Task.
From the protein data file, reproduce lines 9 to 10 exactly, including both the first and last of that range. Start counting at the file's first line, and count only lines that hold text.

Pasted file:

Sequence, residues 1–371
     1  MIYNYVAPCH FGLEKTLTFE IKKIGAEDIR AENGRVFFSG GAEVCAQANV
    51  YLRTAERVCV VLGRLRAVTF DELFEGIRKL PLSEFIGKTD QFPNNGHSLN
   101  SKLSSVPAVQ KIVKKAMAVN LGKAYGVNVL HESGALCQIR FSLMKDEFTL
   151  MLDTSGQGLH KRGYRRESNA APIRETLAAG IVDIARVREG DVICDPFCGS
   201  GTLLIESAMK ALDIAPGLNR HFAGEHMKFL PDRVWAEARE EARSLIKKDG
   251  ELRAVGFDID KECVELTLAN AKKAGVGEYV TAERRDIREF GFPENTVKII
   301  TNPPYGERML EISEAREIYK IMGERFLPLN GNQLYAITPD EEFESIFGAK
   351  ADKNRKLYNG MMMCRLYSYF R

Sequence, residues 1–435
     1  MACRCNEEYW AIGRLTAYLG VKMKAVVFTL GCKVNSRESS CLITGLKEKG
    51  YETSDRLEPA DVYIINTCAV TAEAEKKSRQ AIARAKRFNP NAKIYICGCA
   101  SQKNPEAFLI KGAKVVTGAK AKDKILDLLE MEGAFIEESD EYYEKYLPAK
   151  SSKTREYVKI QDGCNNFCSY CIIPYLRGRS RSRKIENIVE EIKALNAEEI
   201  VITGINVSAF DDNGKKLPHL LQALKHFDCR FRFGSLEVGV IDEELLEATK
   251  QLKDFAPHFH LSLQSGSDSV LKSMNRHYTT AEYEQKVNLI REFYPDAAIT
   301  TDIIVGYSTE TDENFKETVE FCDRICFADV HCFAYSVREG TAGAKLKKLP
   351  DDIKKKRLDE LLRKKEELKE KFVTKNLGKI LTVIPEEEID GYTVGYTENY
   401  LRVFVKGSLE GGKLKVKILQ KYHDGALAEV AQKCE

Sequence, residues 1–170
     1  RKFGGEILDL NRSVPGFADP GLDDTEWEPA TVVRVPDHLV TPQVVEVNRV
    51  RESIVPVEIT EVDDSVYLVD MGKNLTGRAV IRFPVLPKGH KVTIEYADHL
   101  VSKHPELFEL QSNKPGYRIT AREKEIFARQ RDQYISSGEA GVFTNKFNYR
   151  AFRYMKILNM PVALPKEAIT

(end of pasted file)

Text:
   351  ADKNRKLYNG MMMCRLYSYF R

Sequence, residues 1–435